Build 5th Dec 2014 read more »
Construction Enquirer 5th Dec 2014 read more »
Engineering support services group Redhall is to downsize its workforce as it refocuses the group on higher margin manufacturing particularly in the nuclear and oil and gas markets.
Yorkshire Evening Post 5th Dec 2014 read more »
David Lowry: One thing is largely absent from any discussion about the failure to strike a nuclear deal with Iran: the money swirling behind the diplomatic pillars of politics and international security. Almost no one talks about the fact that the U.S., UK, Russia, France, China and Germany (the so-called P5+1 negotiating team) either stand to make money or expand long-standing, lucrative nuclear business relationships with Iran by curtailing the purported pariah state’s nuclear ambitions. France, for example, has been in the uranium enrichment business with Iran for 40 years. Oddly, this arrangement never gets reported in the context of the nuclear negotiations with Iran. One would think it would be center-stage in any public diplomacy between Tehran and the West, but it isn’t. Let’s review what’s at stake in the talks: For Iran, a deal could lead to the end of economic sanctions, some dating back to the 1979 hostage crisis, and a reset for its diplomatic relationships. That, in turn, would open a market of nearly 80 million people to Western companies. Curiously, whatever qualms the French may have about Iran’s plutonium program, they seem to have no objection to Iran’s activities in uranium enrichment. Why? Well, possibly because Iran and France have been partners for over 40 years in a uranium enrichment company known by the French acronym Sofidif.
Who What Why 5th Dec 2014 read more »
The EU’s former top diplomat Catherine Ashton will continue negotiations with Iran on its contested nuclear programme after being named a special adviser by her successor, a statement said Friday.
EU Business 5th Dec 2014 read more »
Finland has approved plans for a nuclear power plant to be built by Russia’s Rusatom Overseas with an $8.7 billion price tag, even though there are worsening economic relations between Russia and the rest of Europe. The reactor will be built in northern Finland for the Fennovoima power company, and financed by Russia’s state-controlled Rusatom. It is scheduled to begin operation in 2024.
Russia Today 5th Dec 2014 read more »
The decision comes despite opposition from Finland’s Green party, which has accused prime minister, Alexander Stubb’s coalition government of subservience to Moscow. The vote was 115 to 74 in favour of the venture. The joint project also ignores EU calls for members states to curtail new energy deals with Russia, following Moscow’s annexation of Crimea last spring. Fennovoima, the Finnish consortium leading the project, said work started at the Pyhäjoki site, on the Finland’s west coast, in mid-September. Construction of the nuclear plant is scheduled for 2018, with commercial operations expected to begin in 2024.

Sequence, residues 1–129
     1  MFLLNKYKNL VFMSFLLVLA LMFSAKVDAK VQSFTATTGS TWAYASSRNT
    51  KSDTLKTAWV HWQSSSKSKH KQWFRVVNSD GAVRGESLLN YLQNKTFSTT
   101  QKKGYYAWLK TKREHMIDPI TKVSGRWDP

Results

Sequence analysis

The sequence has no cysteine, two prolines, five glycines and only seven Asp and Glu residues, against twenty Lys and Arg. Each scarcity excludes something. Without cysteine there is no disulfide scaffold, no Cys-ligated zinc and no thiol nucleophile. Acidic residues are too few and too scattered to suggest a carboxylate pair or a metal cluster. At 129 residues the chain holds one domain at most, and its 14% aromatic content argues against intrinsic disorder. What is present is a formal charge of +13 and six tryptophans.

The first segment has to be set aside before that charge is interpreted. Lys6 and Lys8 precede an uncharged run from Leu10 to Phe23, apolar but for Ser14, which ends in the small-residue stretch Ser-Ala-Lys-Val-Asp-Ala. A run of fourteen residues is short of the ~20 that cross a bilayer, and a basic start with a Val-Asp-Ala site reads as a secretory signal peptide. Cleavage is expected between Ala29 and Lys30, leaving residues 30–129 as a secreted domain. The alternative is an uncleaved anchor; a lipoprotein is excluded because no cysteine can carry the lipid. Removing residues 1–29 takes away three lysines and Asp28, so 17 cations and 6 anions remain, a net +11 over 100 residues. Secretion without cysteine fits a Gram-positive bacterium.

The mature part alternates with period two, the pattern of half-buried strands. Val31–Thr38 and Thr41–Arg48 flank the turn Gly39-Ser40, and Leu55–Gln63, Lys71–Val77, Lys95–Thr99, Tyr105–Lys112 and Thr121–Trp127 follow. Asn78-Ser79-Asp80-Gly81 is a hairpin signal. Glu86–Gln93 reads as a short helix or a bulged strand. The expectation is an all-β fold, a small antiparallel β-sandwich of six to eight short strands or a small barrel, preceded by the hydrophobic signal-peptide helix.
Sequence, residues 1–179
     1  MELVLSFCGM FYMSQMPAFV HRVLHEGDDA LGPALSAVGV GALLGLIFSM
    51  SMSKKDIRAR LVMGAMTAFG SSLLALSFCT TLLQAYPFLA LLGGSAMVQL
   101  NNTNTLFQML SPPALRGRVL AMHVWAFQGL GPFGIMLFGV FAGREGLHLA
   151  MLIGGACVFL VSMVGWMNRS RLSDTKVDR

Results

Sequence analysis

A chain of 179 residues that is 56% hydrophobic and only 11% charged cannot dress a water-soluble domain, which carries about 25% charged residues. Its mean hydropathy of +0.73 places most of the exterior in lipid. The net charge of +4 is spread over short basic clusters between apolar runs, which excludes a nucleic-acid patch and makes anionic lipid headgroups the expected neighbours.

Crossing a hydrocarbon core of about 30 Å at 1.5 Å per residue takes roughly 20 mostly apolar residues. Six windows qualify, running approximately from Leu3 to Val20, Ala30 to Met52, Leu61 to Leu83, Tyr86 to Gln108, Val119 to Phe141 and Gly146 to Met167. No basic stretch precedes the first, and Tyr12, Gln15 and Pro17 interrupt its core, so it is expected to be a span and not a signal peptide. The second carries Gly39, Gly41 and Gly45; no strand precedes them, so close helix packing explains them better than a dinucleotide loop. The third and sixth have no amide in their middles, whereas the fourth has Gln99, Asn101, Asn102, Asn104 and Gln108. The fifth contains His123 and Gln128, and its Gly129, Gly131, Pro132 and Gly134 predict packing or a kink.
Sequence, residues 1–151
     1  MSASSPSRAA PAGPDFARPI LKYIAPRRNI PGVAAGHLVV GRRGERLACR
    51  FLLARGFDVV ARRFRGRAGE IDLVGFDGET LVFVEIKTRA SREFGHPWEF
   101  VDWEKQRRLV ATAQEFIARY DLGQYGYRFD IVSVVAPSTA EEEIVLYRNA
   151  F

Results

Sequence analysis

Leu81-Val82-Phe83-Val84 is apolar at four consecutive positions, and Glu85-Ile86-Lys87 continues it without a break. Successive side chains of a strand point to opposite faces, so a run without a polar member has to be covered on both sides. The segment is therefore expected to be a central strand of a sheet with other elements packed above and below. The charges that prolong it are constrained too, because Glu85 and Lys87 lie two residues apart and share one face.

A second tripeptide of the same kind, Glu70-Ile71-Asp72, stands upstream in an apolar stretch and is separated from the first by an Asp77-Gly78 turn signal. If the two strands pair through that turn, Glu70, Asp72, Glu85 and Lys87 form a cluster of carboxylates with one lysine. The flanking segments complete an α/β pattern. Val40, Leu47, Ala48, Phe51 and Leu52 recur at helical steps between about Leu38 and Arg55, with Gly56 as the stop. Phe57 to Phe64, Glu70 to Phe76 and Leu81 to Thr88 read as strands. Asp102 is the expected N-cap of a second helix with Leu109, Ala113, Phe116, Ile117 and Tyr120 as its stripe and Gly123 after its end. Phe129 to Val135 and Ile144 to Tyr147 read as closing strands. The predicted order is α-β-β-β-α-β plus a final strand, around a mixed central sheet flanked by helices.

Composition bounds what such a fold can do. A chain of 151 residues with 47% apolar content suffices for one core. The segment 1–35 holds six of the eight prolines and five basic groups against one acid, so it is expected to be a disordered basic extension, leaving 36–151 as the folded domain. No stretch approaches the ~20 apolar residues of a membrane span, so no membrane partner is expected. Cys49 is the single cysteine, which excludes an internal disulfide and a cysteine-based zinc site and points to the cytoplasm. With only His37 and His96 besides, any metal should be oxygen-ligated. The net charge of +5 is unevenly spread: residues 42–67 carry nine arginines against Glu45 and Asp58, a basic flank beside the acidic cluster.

Guardian 5th Dec 2014 read more »
Renewables – offshore wind
Sea Angel on the rise … The second turbine at Hunterston, the 7MW Mitsubishi SeaAngel turbine, is nearing completion with a tip height of 193.5 metres and a 167 metre rotor diameter. Once assembled it will be commissioned and then begin long term operational testing and assessment while generating electricity to the local network
Largs & Millport Weekly News 5th Dec 2014 read more »
People who live near fracking operations should be monitored for chemical contaminants and health problems, according to researchers who surveyed the risks posed by substances used in the process. Scientists in the US found that many of the 750 or so chemicals that are pumped into the ground at high pressure to fracture shale rock were associated with fertility and developmental problems.
Guardian 5th Dec 2014 read more »
Thousands of politicians, diplomats and campaigners are currently in Lima, Peru, for the latest round of international climate negotiations. News from the conference hall has so far been been fairly muted as negotiators ease themselves into the talks, due to conclude next Friday. But there have been some important developments. Here’s what we’ve learned from the Lima climate conference’s early stages.
Carbon Brief 5th Dec 2014 read more »